The works are concrete manifestations of Zen “koans” or riddles, meant to defy description. The show’s subtitle, “Art of the In-Between,” refers to the esoteric concept of “in-betweenness,” where the koan “mu” (emptiness) and its kin, “ma” (space), coexist. Kawakubo’s designs live in the spaces between the show’s nine opposing themes: Absence/Presence; Design/ Not Design; Fashion/Antifashion; Model/Multiple; Clothes/Not Clothes; and so forth. These spaces “[offer] endless possibilities for creation, re-creation, and hybridity,” Andrew Bolton, curatorin-charge of The Met’s Costume Institute, said at a preview of the spring exhibit of some 140 garments by the avant-garde designer, dating from her Paris debut in 1981 to the present. Born and based in Tokyo, this disrupter doesn’t care about femininity or traditional notions of beauty. What she cares about is projecting strength and power in her designs — and going where no clothes-maker has ever gone before. She’s an innovator with a punk sensibility. A bomb-thrower. “Rei doesn’t like to explain her work. She prefers her clothes to speak for themselves,” Bolton said. She dis-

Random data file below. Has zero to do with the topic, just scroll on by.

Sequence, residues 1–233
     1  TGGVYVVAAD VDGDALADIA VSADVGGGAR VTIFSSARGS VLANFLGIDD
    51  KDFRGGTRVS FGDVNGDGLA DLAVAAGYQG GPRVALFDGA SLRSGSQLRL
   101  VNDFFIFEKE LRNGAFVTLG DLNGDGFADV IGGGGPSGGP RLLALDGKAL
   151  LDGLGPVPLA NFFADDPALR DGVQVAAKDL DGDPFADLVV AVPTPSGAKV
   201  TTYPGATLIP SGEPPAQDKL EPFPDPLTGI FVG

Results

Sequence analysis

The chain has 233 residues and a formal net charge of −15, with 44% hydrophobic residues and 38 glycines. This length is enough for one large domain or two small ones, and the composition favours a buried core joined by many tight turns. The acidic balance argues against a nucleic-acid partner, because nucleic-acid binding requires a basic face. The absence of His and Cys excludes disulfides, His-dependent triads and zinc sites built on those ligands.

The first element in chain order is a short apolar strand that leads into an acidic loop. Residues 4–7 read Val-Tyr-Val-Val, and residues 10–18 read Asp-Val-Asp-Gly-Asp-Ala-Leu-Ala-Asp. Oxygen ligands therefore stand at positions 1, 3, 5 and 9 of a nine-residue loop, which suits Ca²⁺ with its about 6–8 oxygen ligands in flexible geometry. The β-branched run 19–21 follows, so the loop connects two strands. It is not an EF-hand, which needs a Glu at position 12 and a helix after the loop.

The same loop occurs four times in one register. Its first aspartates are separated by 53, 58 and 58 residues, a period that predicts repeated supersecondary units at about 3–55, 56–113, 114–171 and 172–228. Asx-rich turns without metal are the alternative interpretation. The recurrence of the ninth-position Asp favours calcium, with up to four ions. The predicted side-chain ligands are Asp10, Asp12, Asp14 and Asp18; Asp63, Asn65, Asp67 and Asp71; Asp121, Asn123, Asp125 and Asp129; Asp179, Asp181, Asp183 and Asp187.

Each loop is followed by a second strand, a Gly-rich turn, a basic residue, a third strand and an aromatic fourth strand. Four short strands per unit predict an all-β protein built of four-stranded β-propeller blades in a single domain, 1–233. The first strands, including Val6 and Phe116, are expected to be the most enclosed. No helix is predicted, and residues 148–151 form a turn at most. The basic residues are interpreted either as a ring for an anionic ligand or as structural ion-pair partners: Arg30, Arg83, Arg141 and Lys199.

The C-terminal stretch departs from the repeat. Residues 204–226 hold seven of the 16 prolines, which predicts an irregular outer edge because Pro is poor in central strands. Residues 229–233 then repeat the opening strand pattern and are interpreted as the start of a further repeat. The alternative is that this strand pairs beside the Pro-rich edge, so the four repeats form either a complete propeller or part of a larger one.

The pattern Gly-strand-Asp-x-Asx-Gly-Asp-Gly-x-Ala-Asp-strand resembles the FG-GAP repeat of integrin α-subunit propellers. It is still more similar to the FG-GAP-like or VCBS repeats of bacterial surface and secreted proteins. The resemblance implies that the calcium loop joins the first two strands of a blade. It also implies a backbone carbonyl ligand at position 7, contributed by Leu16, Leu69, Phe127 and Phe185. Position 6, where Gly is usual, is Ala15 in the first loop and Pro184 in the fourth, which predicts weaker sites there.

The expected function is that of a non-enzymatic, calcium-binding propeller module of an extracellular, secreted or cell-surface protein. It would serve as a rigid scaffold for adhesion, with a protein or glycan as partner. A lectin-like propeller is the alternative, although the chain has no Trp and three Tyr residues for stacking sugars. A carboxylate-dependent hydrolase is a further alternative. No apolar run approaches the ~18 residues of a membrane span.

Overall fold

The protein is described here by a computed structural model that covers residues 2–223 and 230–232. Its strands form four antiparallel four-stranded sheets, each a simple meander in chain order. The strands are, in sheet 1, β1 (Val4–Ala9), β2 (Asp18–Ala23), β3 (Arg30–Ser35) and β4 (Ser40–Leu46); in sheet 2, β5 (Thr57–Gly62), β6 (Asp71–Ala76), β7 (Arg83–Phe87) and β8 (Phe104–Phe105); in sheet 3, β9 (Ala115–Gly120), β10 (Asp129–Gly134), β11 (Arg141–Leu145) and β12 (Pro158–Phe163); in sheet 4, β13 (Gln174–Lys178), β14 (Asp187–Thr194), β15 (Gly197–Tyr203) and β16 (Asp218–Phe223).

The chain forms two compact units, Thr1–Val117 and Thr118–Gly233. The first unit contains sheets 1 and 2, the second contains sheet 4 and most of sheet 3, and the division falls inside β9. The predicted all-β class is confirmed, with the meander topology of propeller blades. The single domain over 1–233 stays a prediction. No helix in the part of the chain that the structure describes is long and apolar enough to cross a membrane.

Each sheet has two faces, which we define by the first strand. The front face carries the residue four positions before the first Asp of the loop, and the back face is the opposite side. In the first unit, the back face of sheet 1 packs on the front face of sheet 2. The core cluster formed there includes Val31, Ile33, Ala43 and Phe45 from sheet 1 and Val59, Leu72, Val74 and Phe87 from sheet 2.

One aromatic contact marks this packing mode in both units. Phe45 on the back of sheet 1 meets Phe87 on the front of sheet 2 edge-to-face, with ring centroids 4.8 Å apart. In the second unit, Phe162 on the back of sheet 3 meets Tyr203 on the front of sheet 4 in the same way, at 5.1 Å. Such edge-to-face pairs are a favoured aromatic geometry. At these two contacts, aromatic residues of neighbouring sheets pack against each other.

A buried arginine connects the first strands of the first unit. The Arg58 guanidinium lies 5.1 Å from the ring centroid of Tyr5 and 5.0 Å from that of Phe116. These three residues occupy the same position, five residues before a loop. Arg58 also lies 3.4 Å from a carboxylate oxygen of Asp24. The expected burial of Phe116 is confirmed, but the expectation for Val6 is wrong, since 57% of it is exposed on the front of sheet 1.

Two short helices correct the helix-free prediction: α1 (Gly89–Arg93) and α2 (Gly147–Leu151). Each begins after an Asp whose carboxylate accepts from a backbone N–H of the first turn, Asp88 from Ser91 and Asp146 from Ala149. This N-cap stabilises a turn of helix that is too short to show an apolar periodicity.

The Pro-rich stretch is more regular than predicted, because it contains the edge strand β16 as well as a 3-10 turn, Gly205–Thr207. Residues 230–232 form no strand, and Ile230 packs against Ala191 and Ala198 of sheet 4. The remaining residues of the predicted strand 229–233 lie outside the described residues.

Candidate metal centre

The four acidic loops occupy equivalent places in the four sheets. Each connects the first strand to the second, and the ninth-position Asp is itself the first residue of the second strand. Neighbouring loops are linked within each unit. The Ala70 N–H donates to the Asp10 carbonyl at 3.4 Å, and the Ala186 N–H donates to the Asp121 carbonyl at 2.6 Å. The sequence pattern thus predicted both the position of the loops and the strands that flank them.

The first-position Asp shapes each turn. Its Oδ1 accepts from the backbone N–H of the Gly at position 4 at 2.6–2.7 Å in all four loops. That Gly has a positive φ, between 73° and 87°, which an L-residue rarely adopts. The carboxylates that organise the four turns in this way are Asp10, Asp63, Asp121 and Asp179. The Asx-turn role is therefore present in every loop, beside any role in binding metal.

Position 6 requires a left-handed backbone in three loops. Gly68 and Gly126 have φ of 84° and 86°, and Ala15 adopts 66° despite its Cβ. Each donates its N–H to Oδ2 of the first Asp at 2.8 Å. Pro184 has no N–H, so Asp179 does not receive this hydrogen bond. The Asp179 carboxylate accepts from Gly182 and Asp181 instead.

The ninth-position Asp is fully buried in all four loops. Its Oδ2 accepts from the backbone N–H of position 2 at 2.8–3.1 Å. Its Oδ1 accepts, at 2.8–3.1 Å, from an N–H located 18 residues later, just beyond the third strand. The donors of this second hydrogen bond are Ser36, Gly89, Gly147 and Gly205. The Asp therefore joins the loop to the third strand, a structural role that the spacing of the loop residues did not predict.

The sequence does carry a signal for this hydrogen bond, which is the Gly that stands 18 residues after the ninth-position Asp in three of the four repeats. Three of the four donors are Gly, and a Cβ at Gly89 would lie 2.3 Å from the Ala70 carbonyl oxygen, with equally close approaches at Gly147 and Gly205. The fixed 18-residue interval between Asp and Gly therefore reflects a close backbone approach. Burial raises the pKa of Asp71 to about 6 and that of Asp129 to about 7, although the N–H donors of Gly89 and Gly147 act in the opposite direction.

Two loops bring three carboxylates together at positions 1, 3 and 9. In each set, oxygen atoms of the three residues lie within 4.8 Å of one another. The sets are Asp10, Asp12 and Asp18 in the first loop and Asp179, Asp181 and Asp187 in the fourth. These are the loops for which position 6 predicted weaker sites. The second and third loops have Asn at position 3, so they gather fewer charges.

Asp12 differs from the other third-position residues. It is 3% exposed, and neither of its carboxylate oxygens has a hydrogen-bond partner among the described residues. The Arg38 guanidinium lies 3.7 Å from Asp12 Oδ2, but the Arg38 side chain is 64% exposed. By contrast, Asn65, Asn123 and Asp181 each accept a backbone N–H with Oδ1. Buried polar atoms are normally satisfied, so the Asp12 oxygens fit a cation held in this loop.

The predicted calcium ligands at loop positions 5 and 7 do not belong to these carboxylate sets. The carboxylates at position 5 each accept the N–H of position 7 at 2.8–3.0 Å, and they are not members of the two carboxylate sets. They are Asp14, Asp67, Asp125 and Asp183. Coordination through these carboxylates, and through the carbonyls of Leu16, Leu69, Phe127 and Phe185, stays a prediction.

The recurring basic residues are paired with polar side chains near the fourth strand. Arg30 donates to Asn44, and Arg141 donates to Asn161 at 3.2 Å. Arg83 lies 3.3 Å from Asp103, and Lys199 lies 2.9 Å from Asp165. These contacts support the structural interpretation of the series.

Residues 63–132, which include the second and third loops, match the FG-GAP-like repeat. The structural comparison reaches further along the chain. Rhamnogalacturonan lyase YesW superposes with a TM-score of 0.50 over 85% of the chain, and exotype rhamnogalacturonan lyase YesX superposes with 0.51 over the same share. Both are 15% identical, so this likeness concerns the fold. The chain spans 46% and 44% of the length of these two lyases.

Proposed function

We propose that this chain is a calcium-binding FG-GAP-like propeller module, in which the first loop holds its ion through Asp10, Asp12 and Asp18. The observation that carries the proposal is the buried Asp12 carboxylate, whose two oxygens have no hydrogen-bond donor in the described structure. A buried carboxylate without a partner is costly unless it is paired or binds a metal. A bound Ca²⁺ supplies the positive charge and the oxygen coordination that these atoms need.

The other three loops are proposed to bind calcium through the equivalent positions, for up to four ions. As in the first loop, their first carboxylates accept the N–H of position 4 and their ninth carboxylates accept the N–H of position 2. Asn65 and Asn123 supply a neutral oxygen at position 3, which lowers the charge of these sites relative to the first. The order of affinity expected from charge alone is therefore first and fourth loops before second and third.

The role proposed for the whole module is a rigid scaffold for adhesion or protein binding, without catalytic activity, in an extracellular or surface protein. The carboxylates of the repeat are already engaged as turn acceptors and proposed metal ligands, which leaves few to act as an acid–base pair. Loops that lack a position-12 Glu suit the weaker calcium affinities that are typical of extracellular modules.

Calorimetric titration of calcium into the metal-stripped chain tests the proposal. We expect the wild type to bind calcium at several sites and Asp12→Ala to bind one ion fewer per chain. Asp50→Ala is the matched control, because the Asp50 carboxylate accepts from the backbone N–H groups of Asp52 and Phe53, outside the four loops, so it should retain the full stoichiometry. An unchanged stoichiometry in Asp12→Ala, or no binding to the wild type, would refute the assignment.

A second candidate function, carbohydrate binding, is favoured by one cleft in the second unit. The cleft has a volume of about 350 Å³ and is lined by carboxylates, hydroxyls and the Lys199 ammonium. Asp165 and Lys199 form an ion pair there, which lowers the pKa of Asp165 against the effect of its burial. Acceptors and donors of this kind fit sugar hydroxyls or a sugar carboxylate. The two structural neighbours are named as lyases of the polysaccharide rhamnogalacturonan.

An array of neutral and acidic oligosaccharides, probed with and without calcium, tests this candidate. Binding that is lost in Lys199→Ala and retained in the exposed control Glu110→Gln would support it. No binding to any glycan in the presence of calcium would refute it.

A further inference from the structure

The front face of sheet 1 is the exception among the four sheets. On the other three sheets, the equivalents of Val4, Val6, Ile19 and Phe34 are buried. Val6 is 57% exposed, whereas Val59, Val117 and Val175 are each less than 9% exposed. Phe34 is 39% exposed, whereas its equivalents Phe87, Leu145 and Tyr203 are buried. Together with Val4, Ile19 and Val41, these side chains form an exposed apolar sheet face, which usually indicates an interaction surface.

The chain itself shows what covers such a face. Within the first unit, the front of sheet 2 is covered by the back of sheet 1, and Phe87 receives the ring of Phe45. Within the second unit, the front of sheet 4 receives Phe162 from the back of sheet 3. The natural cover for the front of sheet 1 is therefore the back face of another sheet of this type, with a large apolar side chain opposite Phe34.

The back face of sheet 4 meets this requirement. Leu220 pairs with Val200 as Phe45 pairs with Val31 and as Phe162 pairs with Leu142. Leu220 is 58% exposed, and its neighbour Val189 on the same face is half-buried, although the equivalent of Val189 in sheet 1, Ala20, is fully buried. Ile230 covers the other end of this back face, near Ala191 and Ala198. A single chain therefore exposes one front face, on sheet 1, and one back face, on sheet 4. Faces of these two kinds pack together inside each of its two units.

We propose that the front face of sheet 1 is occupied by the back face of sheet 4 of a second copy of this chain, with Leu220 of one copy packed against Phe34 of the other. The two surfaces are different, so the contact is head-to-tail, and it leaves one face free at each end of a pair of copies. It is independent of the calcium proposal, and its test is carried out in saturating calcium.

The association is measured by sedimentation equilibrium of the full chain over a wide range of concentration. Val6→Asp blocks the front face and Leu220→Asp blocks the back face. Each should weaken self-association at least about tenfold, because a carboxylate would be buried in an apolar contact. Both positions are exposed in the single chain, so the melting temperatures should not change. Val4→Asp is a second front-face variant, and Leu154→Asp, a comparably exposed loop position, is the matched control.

Gallery View, Clothes/Not Clothes: War/Peace. © The Metropolitan Museum of Art

Rei Kawakubo (Japanese, born 1942) for Comme des Garçons (Japanese, founded 1969), 18th-Century Punk, autumn/winter 2016–17; Courtesy of Comme des Garçons. Photograph by © Paolo Roversi; Courtesy of The Metropolitan Museum of Art trusts words. So much so that there is virtually no text in the show, aside from some titles and numbers on the floor — and a booklet you can grab at the entrance for guidance. “We wanted people to engage with Rei’s fashions on a more personal and intimate level,” the curator said. Caroline Kennedy, a former U.S. ambassador to Japan, paid eloquent tribute to the designer, her friend, at the preview: “Rei’s work is beautiful. It transcends age and gender, it reconnects us with silence, it makes us look more carefully at the things we take for granted.” The design of the exhibition is as unconventional as the clothes. The walls are pure white, and the mannequins appear in geometric structures that, in an aerial view, look like a collection of stadium bowls, silos and boxy spaces — the architecture of a small community in a galaxy far, far away. “There is no prescribed route through the exhibition,” Bolton said, noting that the collections are not presented in chronological order. A walkthrough feels very free and liberating, if somewhat disorienting — like the outfits themselves. Kawakubo is only the second living designer to be given a solo show at the costume museum; Yves Saint Laurent was the first in 1983. Bolton praised her ability to think abstractly. She

Rei Kawakubo (Japanese, born 1942) for Comme des Garçons, (Japanese, founded 1969), Blue Witch, spring/summer 2016; Courtesy of Comme des Garçons. Photograph by © Paolo Roversi; Courtesy of The Metropolitan Museum of Art